Thursday, January 23, 2014

Think About It Thursday, Installment One

Clayton Jackson McGhie Memorial, Downtown Duluth
artstuffmatters / / CC BY-NC-ND
"Think About It Thursday" doesn't seem to be as pervasive a meme as "Throwback Thursday," but it's out there, and here's my version.  

David G said the other day that he likes all the links in my posts. I hope you always check out every one of my links, but today's links are much, much more serious and important than any previous ones. I would say that they are related to the Mission of Marshall School, which, as you know, is "to educate students to become global citizens who demonstrate strong academic habits, respect, compassion, integrity, self-discipline, and intellectual curiosity."  

During our MLK assembly on Tuesday, I wondered how teachers could help Marshall students connect with the importance of Martin Luther King Jr's work and legacy, and my thoughts kept returning to a horrible and disturbing event in Duluth's history, the lynching of Elias Clayton, Elmer Jackson, and Isaac McGhie in 1920. No matter how hard it might be to confront it, this is information that every Duluthian needs to know. It's also information that needs to be treated with respect and responded to with compassion. (Warning:  one of the links in this post, the one below about the poem "Strange Fruit," has a photo of a lynching on its front page--none of the other links has such a photo up-front.)

It's easy to think of the assassination of Martin Luther King, Jr as something that happened far away and long ago, as something that isn't relevant here and now, but Duluth has its own history of, and current struggles with, racism. And I'm certain we don't deal with it enough in school.    

Here's an audio history of the Duluth lynching. There's also a fascinating collection of oral histories about it here. Minnesota Public Radio offers a really thorough eight-part series of stories about those events and about the creation of the Clayton Jackson McGhie Memorial downtown (pictured above). You should read ALL of that series (they call it a six-part series, but there are two additional connected stories linked on that page).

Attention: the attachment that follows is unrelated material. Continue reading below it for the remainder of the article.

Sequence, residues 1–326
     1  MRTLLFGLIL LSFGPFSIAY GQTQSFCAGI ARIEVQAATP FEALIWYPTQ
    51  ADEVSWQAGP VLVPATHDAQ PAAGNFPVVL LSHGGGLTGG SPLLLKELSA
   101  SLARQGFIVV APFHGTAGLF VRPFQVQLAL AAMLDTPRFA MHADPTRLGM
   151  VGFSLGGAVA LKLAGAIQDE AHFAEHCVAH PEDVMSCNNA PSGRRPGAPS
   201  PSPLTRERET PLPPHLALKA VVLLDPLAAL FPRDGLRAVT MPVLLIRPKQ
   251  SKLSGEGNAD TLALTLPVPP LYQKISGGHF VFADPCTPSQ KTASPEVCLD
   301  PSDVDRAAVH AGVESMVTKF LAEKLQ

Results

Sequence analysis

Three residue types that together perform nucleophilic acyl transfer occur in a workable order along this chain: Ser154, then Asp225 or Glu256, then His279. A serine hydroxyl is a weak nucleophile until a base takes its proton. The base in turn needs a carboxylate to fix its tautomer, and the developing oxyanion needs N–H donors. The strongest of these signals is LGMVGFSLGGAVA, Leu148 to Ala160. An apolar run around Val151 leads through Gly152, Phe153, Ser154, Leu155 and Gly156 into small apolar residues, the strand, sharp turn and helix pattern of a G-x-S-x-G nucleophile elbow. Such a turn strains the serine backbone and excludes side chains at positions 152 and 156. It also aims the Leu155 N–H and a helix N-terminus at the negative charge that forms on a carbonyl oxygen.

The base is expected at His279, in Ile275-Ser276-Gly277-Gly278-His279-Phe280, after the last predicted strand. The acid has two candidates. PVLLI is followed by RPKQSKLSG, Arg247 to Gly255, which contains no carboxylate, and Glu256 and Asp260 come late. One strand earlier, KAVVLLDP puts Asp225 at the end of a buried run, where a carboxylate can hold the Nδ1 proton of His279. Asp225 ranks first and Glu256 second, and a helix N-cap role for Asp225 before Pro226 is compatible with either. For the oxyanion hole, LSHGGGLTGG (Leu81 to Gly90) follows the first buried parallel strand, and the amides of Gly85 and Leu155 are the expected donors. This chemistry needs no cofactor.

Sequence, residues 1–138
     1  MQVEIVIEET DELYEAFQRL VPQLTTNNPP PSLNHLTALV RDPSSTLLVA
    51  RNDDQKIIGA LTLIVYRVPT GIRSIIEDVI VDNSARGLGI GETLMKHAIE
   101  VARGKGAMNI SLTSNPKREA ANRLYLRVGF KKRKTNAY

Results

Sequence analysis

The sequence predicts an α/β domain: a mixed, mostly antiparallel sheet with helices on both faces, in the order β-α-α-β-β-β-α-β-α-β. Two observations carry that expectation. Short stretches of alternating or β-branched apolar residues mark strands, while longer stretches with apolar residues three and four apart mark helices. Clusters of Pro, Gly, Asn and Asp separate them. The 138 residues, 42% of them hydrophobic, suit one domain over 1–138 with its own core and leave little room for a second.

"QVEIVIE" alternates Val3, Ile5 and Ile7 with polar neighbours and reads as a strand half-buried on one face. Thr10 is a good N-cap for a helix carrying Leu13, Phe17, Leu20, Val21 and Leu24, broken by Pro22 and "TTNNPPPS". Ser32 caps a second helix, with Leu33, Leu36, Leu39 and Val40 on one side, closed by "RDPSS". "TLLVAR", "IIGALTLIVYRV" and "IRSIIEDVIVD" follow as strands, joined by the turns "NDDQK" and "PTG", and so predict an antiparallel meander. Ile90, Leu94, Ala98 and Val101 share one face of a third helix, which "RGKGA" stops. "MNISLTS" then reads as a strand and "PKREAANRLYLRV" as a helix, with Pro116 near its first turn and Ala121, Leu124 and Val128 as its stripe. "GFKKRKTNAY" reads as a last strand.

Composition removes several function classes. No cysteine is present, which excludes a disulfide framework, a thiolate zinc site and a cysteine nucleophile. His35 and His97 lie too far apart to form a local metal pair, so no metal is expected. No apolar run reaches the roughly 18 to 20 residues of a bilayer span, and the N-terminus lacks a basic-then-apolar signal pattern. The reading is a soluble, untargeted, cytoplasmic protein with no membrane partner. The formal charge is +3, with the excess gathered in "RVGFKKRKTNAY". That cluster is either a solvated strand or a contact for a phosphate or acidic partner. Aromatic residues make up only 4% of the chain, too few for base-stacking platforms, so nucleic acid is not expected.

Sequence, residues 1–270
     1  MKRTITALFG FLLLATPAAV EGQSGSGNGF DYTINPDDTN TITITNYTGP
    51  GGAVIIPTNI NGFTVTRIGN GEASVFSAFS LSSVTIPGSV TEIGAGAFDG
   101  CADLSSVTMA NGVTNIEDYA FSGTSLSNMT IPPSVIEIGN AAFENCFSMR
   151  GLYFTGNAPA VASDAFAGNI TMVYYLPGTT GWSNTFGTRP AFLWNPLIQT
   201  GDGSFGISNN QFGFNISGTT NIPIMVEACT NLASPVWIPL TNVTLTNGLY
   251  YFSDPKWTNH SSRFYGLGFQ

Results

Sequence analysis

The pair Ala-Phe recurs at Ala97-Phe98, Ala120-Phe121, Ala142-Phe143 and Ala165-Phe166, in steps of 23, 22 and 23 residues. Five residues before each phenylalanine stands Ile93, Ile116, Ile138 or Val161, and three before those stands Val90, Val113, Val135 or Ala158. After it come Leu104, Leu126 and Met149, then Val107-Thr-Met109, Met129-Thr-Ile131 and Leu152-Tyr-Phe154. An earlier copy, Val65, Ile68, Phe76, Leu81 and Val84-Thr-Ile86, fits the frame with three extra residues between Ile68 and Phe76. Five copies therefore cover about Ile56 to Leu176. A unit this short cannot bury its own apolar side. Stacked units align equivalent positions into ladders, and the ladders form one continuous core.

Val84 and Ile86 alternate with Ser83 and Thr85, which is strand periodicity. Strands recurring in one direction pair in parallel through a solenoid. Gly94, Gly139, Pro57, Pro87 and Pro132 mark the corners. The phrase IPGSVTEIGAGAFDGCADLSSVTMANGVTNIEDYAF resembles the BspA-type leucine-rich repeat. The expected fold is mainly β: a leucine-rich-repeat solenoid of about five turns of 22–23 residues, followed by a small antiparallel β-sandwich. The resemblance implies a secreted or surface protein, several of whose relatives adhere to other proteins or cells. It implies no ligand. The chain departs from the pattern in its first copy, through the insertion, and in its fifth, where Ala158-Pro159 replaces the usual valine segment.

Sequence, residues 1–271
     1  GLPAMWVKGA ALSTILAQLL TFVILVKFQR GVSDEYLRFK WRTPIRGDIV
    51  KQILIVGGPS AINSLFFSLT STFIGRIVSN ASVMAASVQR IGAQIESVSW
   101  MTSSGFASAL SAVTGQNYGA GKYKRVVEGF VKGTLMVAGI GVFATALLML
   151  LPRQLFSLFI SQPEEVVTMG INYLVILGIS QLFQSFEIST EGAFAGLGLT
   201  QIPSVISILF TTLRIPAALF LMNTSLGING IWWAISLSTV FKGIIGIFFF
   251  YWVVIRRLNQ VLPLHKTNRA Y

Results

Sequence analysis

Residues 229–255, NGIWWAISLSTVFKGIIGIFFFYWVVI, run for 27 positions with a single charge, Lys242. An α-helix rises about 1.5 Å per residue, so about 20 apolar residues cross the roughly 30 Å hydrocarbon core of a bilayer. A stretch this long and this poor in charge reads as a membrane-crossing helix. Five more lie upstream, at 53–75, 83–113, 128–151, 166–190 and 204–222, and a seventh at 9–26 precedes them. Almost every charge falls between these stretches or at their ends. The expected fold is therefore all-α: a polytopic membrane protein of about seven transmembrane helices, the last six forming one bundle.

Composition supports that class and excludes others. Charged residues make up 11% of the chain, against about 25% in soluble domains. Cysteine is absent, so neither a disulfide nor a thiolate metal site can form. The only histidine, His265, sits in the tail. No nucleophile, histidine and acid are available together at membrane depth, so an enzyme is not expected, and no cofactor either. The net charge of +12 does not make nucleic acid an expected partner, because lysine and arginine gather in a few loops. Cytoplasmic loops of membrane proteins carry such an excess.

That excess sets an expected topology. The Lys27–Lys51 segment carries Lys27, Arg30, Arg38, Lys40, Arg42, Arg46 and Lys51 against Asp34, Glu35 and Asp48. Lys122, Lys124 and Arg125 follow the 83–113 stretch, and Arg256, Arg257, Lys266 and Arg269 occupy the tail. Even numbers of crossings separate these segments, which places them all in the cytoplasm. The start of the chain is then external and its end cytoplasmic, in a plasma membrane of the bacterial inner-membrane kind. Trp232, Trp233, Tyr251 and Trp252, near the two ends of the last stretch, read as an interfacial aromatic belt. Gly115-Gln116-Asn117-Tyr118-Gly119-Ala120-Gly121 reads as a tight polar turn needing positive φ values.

And then, there's this long but incredibly powerful article about lynching and MLK's legacy that you really, really need to read (I found out about it because one of my former students posted a link to it on Facebook). Along with that, I want to mention a poem about lynching, "Strange Fruit" by Abel Meeropol (also known as Lewis Allan), which became famous when Billie Holliday sang it. You can read one version of the poem here.  

Also, check out these articles from the Duluth News Tribune about an incident that occurred here in town on MLK Day this year.  

While The Race Card Project doesn't connect to the Duluth lynchings, you might have heard about it on National Public Radio, where it's become a regular feature:  check it out--it's really amazing. (You could even compose and submit your own Race Card.)

Please let me know what you think of, or what you learned from, these links in the comments (but remember:  respond with respect & compassion). We can also discuss these links in class, if you like.

Lorraine Motel, National Civil Rights
Museum, Memphis, TN

Finally, my "Throwback Thursday" image is to the right:  you can re-read about my visit to Memphis here and here. (By the way, Madame Greenan and I have submitted our proposal to present at the Lausanne Learning Conference next summer, and we should hear sometime next month about whether it gets accepted.) 

Confession:  Clearly, I'm using these memes (partly) as excuses for not posting anything about Martin Luther King, Jr on MLK Day, when I was very busy with end-of-the-semester grading!  


  1. I thought it was awful that the black men were accused of rape just because they were black. It was enlightening to read that they were finally properly put to rest. It's just hard to imagine that it took so long for society to understand we are all equal.

  2. I hope you and Mrs. Greenan will be able to present your projects. How long does this presentation have to be and what will it entail?